Lachlan B's Blog

An android app for Timor Leste

For the past couple of weeks I have been developing a mobile app for Livru Timor in association with Rhok Australia.

The basic problem that we are trying to solve is translating some childrens books into a bunch of different languages. Sounds simple right? Well the main issue is that we don't really know what these languages are! We don't know what a lot of their words are, and we don't really know where they are spoken. In 2015.

So why don't we have a simple android app where you can go to a local village and ask a bunch of people what their words are for things? We could even record them saying their words. Then we could collate the data and send it back to a server in Melbourne and figure it all out... and translate a bunch of these childrens books to their native languages and the kids will have a much higher chance of learning how to read and write! Cool huh?

Oh and BTW, the android phones that they have in Timor Leste are basic. Very basic. Most of them don't even have data. You need to be able to store all of that information offline, and then at some stage be able to upload it to a server once we've on a (somewhat) more reliable wifi network :)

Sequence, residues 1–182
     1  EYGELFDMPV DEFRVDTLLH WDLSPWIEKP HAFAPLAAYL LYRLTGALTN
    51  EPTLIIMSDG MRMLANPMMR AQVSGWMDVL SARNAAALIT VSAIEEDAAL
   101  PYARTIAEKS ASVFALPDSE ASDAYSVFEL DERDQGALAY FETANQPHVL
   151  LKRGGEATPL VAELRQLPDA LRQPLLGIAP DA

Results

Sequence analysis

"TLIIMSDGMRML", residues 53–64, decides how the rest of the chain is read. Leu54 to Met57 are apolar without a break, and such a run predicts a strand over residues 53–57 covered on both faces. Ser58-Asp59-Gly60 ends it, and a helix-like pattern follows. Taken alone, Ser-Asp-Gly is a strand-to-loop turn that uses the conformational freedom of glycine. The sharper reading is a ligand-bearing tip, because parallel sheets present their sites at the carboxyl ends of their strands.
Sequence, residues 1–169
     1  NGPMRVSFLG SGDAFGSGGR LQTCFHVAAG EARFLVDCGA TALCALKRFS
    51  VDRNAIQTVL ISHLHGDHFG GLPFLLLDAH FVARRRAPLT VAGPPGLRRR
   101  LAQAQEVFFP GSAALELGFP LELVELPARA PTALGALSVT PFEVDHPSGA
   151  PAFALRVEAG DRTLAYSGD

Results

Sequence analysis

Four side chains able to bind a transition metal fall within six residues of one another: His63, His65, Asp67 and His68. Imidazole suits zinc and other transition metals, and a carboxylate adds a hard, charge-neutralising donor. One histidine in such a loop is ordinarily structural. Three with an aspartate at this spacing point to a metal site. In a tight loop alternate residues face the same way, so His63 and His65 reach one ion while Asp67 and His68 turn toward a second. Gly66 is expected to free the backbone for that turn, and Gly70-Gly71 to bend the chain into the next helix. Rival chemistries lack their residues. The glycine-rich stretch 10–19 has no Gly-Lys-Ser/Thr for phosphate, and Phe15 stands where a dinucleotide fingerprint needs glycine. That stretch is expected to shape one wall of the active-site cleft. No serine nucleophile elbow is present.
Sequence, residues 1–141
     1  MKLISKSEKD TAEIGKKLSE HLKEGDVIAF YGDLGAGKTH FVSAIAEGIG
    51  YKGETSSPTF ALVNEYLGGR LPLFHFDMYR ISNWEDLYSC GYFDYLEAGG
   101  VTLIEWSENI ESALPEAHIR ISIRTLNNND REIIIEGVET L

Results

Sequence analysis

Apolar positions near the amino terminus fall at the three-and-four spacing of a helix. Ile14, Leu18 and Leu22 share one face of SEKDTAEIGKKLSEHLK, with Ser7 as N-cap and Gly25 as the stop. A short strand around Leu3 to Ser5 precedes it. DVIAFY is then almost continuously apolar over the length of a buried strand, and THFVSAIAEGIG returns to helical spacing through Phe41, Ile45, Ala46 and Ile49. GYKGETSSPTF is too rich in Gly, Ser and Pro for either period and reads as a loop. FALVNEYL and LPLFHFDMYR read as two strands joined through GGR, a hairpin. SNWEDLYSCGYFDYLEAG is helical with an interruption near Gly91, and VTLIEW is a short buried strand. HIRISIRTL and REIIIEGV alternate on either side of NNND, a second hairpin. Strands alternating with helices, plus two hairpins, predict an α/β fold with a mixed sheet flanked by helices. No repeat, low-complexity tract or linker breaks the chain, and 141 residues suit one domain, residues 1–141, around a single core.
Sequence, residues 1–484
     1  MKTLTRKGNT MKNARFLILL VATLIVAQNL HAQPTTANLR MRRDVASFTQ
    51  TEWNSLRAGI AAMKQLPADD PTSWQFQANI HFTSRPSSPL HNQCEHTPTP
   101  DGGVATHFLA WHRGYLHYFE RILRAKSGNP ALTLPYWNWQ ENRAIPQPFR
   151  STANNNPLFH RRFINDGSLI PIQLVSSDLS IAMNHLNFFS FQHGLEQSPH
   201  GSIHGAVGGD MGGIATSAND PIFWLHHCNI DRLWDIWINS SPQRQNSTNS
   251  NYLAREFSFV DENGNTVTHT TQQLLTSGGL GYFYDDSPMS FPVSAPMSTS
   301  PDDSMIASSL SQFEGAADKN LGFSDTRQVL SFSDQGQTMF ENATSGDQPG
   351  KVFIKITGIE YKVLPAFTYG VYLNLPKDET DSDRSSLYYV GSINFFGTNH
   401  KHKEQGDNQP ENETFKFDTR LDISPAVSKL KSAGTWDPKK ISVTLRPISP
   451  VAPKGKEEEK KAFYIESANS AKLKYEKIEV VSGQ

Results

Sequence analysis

So here's the prototype that I've been working on. When the app starts up you are taken to the home screen:




Adding a person looks like this:





Once you've done that, you can start asking them "So what do you call this?"





And then you can upload your data:





The data is uploaded to a server where it can be analysed by the linguistic geeks. Pretty cool huh!

The android app is written in Java - the code is public and available on github. It uses the phone's microphone to record audio, an SQLite database to store all of the data, and uses HTTP POST's to send the data (JSON) to the server.

I've been using Android Studio to develop the app, and let me say, I'm impressed. The Android documentation is superb, with mountains of tutorials and sample code. It's really, really good. I hadn't written an android app before and I've got something super useful up and running very quickly. True, the emulator is pretty slow, but hey, you can't have everything.

In a few weeks time we plan to trial it out on the ground, so stay tuned :)